BERKELEY — While medical experts have been saying that people should’t waste their money on the COVID-19 antibody tests currently on the market, KPIX 5 found that discouragement is not stopping many who still want to get tested. “I got to say, it’s not like good news. So my heart sank a little bit,” said Lan Vu. When he discovered he had been exposed to COVID-19 on a business trip in early March he immediately put his fan import business on hold. “I came back and got a swab test, and it was positive,” said Vu. Then he got curious: Could the positive swab mean he had COVID-19 antibodies? Read More

Santa Clara Hospitals Launch Study Using ‘Convalescent Plasma’ To Treat COVID-19 Patients
SANTA CLARA — Health officials announced Tuesday that three Santa Clara County hospitals have begun a study in conjunction with Mayo Clinic to measure the impact of using convalescent plasma therapy to treat seriously ill COVID-19 patients. Santa Clara County has been the hardest hit region in the San Francisco Bay Area. As of May 11, there have been 2,341 confirmed cases since the outbreak began. There have been 129 deaths including 57-year-old Patricia Dowd, a senior manager for a Silicon Valley semiconductor firm, who is considered the nation’s first fatality to the disease. Currently, there are 102 patients hospitalized in the county, suffering from the coronavirus. Of those 33 are being treated in the ICU. Read More

Coronavirus And Rent

Santa Clara Supes Hold Off On Extending Coronavirus Eviction Moratorium
SAN JOSE — The Santa Clara County Board of Supervisors punted Tuesday on a potential extension of the county’s temporary moratorium on evictions for residents affected by the COVID-19 coronavirus pandemic. The county’s moratorium currently ends at the end of the month but allows the board to extend or shorten its duration depending on the state of the pandemic. The board avoided extending it at Tuesday’s meeting, however, because Gov. Gavin Newsom has yet to extend the suspension of state law that prohibits local moratoriums on evictions for missed rent payments. Read More

State Senate Proposal Tackles Rents, Economic Recovery From Coronavirus
SACRAMENTO — The government would cover rent payments for some low-income Californians impacted by the coronavirus under a proposal backed by state Senate leaders. The Senate wants to forgive rents for low-income tenants, giving landlords tax credits equal to the value of their missed payments, which they can keep or sell for cash. Tenants would then have up to 10 years to pay back their missed rents to the state, with some not having to pay the full amount because of an unspecified “hardship exemption.” “This is not a giveaway to anyone,” Democratic Sen. Steven Bradford said. “Our goal is to keep tenants housed and keep landlords out of foreclosure.” Read More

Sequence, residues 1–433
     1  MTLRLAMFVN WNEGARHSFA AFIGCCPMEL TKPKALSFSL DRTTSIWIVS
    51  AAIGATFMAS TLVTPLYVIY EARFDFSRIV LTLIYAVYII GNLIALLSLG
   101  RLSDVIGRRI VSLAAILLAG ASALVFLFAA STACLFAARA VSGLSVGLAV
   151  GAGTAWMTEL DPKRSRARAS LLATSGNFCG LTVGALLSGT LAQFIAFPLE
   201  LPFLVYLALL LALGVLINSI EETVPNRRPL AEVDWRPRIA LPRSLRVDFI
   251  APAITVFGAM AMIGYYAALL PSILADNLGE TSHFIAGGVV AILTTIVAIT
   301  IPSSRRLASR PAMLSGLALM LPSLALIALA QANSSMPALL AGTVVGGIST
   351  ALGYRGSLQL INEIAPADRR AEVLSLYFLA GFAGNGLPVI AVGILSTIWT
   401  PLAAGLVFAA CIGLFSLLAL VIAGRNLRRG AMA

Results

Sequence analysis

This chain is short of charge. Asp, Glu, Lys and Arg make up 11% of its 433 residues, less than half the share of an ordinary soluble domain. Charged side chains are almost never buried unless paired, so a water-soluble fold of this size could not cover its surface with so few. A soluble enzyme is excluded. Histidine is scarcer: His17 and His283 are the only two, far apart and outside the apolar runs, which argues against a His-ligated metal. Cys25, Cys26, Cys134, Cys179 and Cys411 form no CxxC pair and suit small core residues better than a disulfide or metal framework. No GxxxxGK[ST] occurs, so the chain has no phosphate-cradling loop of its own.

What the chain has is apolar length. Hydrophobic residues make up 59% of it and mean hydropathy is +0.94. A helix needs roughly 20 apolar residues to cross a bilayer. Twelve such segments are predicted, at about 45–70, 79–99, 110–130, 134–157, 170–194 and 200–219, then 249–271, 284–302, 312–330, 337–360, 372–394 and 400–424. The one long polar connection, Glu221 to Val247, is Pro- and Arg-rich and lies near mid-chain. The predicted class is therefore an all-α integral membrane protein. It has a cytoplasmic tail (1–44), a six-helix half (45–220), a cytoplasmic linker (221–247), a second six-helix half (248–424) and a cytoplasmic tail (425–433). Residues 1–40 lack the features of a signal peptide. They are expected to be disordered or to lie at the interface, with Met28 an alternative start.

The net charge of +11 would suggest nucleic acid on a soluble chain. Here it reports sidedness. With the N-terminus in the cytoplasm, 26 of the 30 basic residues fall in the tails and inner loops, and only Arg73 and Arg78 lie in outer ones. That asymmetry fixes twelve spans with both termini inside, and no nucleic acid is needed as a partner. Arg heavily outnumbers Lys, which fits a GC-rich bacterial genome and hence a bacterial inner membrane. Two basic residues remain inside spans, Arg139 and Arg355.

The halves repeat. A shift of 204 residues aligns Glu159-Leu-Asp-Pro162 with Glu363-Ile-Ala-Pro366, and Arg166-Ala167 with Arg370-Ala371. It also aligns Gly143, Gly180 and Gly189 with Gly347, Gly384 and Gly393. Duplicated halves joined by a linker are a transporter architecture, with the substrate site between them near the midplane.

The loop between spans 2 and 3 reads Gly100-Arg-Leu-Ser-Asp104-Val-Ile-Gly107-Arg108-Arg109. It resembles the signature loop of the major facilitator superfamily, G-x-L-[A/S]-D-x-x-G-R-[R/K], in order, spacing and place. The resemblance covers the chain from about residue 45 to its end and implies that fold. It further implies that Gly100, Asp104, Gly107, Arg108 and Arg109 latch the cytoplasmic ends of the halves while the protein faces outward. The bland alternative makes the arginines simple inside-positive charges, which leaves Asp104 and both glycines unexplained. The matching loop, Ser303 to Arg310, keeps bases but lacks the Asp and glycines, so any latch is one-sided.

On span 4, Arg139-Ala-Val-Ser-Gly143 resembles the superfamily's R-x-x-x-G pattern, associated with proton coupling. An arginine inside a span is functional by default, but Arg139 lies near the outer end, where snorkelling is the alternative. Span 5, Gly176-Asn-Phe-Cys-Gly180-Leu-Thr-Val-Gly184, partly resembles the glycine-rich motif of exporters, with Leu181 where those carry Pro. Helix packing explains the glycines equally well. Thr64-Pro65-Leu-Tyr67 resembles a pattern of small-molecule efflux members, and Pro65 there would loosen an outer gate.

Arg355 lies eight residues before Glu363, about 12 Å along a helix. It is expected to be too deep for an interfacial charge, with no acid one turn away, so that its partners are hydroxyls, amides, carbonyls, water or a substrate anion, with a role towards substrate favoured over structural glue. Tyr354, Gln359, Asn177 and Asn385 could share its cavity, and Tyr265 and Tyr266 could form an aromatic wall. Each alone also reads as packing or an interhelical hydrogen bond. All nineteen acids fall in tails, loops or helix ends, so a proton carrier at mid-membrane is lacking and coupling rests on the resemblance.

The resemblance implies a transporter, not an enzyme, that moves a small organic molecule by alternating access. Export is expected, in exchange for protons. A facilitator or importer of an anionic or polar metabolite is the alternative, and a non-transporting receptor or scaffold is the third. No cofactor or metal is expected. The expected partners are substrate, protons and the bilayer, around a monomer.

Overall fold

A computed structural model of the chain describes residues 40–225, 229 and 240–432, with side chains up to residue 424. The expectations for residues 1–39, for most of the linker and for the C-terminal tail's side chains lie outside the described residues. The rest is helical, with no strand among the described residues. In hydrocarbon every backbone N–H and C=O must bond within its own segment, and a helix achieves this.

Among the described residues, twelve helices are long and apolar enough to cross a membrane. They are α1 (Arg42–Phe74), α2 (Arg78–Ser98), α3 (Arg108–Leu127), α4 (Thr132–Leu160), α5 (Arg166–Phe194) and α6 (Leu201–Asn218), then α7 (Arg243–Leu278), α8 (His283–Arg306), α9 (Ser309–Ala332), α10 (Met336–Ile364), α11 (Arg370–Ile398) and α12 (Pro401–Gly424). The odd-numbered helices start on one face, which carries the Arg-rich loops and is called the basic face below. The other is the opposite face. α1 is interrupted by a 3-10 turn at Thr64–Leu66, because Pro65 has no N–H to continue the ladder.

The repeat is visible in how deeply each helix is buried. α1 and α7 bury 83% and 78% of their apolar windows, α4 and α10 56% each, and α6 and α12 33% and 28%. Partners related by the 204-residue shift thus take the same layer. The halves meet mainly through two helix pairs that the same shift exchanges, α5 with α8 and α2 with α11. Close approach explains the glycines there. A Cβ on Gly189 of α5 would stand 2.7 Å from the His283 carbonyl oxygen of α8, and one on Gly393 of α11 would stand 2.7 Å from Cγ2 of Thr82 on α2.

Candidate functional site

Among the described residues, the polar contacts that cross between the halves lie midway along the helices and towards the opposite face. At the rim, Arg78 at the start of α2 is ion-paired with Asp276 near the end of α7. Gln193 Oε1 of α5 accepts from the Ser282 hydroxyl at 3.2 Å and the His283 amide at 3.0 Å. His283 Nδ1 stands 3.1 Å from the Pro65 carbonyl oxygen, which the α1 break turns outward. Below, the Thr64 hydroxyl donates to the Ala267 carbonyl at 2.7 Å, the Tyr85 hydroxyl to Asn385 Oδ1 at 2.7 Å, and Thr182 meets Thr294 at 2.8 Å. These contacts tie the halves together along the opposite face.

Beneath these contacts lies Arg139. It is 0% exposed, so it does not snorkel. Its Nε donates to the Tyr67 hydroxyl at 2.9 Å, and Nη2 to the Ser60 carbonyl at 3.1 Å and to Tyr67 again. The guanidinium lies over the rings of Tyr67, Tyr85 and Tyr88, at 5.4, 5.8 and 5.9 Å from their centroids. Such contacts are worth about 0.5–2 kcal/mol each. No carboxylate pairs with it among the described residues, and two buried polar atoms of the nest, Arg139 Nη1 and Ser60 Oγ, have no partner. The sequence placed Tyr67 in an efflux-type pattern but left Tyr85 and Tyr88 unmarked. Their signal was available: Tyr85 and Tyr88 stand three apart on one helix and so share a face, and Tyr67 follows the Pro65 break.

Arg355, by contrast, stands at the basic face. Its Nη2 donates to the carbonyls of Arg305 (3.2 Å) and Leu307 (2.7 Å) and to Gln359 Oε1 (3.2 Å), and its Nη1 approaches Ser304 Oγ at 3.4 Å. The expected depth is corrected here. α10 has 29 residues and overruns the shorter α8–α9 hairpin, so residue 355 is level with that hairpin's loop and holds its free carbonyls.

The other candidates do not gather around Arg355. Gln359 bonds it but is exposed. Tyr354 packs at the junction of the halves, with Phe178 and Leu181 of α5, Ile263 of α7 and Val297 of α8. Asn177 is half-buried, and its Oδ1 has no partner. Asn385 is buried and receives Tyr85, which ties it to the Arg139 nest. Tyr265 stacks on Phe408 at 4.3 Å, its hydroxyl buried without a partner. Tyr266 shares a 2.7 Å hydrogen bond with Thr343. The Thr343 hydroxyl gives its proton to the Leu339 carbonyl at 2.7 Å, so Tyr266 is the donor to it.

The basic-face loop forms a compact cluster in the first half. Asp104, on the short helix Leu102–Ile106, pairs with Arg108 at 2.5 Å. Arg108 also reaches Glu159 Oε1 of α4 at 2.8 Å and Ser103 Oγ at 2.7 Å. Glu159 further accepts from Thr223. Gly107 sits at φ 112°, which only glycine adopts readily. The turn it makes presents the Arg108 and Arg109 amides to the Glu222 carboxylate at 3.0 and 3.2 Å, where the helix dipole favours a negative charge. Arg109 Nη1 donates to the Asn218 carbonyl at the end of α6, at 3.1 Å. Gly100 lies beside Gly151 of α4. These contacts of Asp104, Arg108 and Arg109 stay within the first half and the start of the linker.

Coronavirus And Business

Alameda County Fair Auction May Go Virtual But Young Livestock Farmers Take It Like Pros
PLEASANTON — The Alameda County Fair, the largest fair in the Bay Area, is the latest victim of COVID-19. But along with its cancellation comes questions about what will happen to all the farm animals that are normally auctioned off there. “Fair time to me is fun time. You get to spend time with friends, family, show off all your hard work,” said Livermore High FFA student Crayton McCafferty. McCafferty has put in nearly a year of hard work raising his Angus steer, “Stitch” from a young calf. By this summer, he expects Stitch to weigh about 1,300 pounds and fetch about $4,000 at auction, which is only slightly above what it cost to raise him. Read More

Struggling California Malls Prepare For Business Not-As-Usual With Phase 2 Reopenings
SAN FRANCISCO — As part of the loosening into Phase 2 modifications, California Gov. Gavin Newsom announced Tuesday some malls can now partially re-open for curbside pickup only. The era of lazily wandering from store to store and nibbling on a pretzel is dead — at least for now. The move comes weeks into the stay-at-home order, but was it already too late for the American mall? Pamela Danziger, the owner of Unity Marketing and a contributor to Forbes, thinks so. “It’s going to be devastating to the entire mall sector,” Danziger told KPIX 5 via Skype. “Time will tell, but I really think we’re gonna see a radical restructuring of American retail.” Read More

Speaker Pelosi Unveils $3 Trillion COVID-19 Aid Package For States, Cities, Workers, Individuals, USPS
WASHINGTON ii House Speaker Nancy Pelosi unveiled a more than $3 trillion coronavirus aid package Tuesday, a sweeping effort with $1 trillion for states and cities, “hazard pay” for essential workers and a new round of cash payments to individuals. The House is expected to vote on the package as soon as Friday. But Senate Majority Leader Mitch McConnell has said there is no “urgency.” The Senate will wait until after Memorial Day to consider options. “We must think big, for the people, now,” Pelosi said from the speaker’s office at the Capitol.v“Not acting is the most expensive course,” she said. Read More

Twitter Allowing Employees To Work From Home ‘Forever’